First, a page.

What is the human gut microbiota?

Mar 20, 2019 | Resources | 0 comments

The microbiota is the set of microorganisms associated with a certain ecosystem (for example, our intestine). In particular, our gut microbiota is constituted by more than  microorganisms. Its composition is unique for each individual, and influenced by age, genetic factors and diet & lifestyle.



Even though there is a natural equilibrium in the frequencies of all the members of our gut microbiota, some conditions such as stress, antibiotics intake, etc. can induce imbalances in these communities. Indeed, particular patterns of gut microorganisms have been linked with alterations of the immune system, obesity, inflammation, and many other aspects.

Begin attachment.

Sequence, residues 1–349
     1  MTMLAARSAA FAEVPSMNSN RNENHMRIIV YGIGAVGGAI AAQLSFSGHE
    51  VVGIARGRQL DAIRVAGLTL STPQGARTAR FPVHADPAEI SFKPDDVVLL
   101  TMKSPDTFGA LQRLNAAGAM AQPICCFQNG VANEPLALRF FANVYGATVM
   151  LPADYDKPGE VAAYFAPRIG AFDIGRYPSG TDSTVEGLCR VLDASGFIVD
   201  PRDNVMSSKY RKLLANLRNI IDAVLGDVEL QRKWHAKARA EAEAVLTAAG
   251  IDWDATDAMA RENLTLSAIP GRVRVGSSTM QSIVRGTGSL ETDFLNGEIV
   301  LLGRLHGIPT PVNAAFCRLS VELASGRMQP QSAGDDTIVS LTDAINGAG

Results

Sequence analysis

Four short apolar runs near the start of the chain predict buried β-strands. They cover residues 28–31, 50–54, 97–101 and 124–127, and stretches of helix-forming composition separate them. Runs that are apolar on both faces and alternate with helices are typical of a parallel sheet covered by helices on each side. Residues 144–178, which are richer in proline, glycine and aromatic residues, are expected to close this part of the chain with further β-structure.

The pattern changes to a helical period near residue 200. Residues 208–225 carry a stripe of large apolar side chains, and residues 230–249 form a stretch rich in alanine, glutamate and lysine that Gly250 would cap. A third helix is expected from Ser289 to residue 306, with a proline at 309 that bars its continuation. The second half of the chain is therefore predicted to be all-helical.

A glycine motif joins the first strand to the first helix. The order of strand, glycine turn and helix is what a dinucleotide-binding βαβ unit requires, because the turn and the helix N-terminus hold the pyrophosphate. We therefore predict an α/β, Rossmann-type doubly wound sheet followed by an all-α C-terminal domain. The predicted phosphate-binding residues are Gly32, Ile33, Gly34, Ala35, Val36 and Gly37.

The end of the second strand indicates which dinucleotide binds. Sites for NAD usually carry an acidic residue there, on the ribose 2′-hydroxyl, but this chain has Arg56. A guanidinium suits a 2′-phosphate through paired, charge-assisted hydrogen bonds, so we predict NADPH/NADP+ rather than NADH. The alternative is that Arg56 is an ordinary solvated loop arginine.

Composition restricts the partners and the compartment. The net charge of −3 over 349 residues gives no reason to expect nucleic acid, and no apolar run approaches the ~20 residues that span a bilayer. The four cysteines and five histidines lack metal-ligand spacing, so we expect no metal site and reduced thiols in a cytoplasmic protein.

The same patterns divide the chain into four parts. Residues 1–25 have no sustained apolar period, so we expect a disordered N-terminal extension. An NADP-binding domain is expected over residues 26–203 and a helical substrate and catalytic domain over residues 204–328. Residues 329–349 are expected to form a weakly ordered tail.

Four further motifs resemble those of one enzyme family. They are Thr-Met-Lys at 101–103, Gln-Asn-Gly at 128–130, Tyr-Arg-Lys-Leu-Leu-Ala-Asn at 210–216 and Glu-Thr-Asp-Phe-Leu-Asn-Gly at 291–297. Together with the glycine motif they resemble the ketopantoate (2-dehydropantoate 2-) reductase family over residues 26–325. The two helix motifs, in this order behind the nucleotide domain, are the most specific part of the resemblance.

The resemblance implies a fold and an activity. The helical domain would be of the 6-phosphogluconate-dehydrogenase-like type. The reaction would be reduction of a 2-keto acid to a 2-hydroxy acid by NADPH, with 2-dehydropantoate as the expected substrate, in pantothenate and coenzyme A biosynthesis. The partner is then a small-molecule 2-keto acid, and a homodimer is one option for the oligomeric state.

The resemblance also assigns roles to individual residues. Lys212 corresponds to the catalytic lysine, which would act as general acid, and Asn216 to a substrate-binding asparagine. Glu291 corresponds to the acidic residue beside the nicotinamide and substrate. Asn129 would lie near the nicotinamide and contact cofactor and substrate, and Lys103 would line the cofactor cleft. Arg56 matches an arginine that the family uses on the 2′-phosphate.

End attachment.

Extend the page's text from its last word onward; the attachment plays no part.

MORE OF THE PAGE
The massive sequencing of the genetic material of the microbiota (what we call microbiome) allows us to know the identity, diversity and abundance of the species inhabiting our gut, and to detect possible deviations with respect to the normal (healthy) state.


Through the sequencing of the total DNA present in a certain sample, we can identify and quantify all the microbial species present (bacteria, fungi and other eukaryotes). This technology is applicable to the study of any microbiome (soil, water, food, human intestine…). We offer different sequencing strategies (metabarcoding, true metagenomics), and will recommend you the most appropriate depending on your objectives.